the initial assault. They would charge in, four abreast with bayonets fixed, with another 300 men in reserve. Meanwhile, 700 men from the 68th Regiment would approach from the rear.
The events that followed are still unclear. 15 of the defenders had fallen in the initial bombardment on the 28th, but the remainder had taken shelter in purposely built underground chambers during the sustained bombardment of the 29th. There had been no signs of resistance or life during the long bombardment and Cameron, no doubt, expected that the 200 remaining defenders had been destroyed. When the assault was launched, some Maori resisted with shotgun and mere, the lethal Maori closecombat hand weapon. This resistance was not enough to stop the assault from moving through the network of trenches and reaching the end of the pa. A captain named Greaves reported back to Cameron that the pa was taken and that casualties had been light.
As the 68th Regiment reached the rear of the pa, less than ten minutes after the first assault went in, the remnants of the assault column began running from the breached defences back to the British lines. Of the 300 men who assaulted the pa, one third were casualties with 31 lying dead, including ten officers, and 80 wounded. After Captain Greaves’s report, it seems that the majority of the Maori defenders emerged from their underground shelters largely unscathed (a lesson for the future about the ineffectiveness of sustained bombardment on well-designed trench systems was clearly missed at Gate Pa). The Maori then poured deadly fire into the British forces at close and even point-blank range. During the bombardment and assault, the Maori lost only ten additional casualties. Their leader, Rawiri Puhirake, may have engineered the entire affair, ordering his warriors to stay concealed and not to emerge from their shelters or fire at the British until they were given the command.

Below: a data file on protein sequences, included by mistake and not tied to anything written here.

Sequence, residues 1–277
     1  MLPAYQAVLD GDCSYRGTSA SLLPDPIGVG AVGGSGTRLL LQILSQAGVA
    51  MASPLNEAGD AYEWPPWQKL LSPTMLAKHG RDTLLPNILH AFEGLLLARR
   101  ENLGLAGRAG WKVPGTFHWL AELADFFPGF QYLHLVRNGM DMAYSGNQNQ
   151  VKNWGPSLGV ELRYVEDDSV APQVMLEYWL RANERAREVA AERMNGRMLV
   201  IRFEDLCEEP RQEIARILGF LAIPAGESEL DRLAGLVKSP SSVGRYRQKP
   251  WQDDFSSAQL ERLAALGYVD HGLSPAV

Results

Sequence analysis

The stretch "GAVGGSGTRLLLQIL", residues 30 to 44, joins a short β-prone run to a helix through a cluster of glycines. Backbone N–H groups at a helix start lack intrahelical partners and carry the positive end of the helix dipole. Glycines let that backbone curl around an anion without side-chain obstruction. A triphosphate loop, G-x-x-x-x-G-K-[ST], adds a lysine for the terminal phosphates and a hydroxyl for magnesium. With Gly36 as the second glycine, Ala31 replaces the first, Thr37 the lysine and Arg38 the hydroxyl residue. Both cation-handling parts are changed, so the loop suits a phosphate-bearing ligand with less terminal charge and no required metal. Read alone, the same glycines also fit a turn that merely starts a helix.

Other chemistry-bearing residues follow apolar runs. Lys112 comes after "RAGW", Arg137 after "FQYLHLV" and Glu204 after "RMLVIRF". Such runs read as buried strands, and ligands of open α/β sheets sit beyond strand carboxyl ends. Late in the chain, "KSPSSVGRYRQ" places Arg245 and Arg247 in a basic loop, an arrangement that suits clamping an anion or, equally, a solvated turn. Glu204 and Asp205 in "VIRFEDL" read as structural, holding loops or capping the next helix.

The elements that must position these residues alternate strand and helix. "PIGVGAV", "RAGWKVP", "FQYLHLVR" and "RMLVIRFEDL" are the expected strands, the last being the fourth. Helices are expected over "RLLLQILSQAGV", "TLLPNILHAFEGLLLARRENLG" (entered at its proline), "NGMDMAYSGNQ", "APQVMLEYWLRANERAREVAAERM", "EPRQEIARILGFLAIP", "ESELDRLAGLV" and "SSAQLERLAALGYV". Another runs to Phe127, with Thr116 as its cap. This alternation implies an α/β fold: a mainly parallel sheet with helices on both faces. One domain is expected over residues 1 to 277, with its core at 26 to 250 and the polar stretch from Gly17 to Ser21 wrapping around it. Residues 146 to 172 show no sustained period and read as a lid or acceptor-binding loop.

Certainly the sudden and fierce resistance caught the British forces by surprise. Such spirited resistance was totally unexpected, and resulted in the entire assault collapsing in panic and being repulsed after they had claimed victory. Some early reports stated that the assault was repulsed before reaching the pa by ferocious fire from the pa’s rifle pits, although this cannot explain Captain Greaves’s report.
In the confusion of the unexpected Maori defence, Manley behaved with uncommon valour. According to his citation in The London Gazette of September 23 1864, “Having volunteered to accompany the storming party into the Pah (sic), he attended on [Commander Edward Hay] when he was carried away, mortally wounded, and then volunteered to return, in order to see if he could find any more wounded.”
Manley’s acts of bravery were witnessed by Commodore Sir William Wiseman, C.B., who commanded one of the Royal Artillery batteries manned by Royal Navy personnel. It was to Wiseman’s position that Hay’s body was brought. From there Manley returned to the pa. He was the last to leave the pa, which is especially notable given the scale and level of humiliation of the British defeat. The 31 killed and 80 wounded was the greatest loss during the New Zealand Wars for the colonial forces. During the whole six-month campaign total British and colonial losses were 44 killed and 119 wounded. Gate Pa represented 70 per cent of those casualties. The deep humiliation felt by the regiments and the forces throughout New Zealand as a whole is reflected in contemporary letters and reports.
Immediately after the defeat, however, it would seem that the Maori also tended to the wounded – one Maori woman, Heni te Kiri-karamu, bringing water to the dying commander of the 43rd Regiment, Lieutenant Colonel Booth, and several other ‘bluecoats’.
“THERE HAD BEEN NO SIGNS OF RESISTANCE OR LIFE DURING THE LONG BOMBARDMENT AND CAMERON, NO DOUBT, EXPECTED THAT THE 200 REMAINING DEFENDERS HAD BEEN DESTROYED”
In the same action, Samuel Mitchell, Captain of the foretop of HMS Harrier, was also part of the initial assault force. He too was awarded the Victoria Cross for carrying Commander
Hay from the pa, even though he had been ordered to seek safety. Hay lived long enough to ask Wiseman to recognise Mitchell’s bravery. Interestingly, Mitchell’s award was announced in July 1864, but Manley’s took until September, even though both were recommended by Wiseman (presumably at the same time).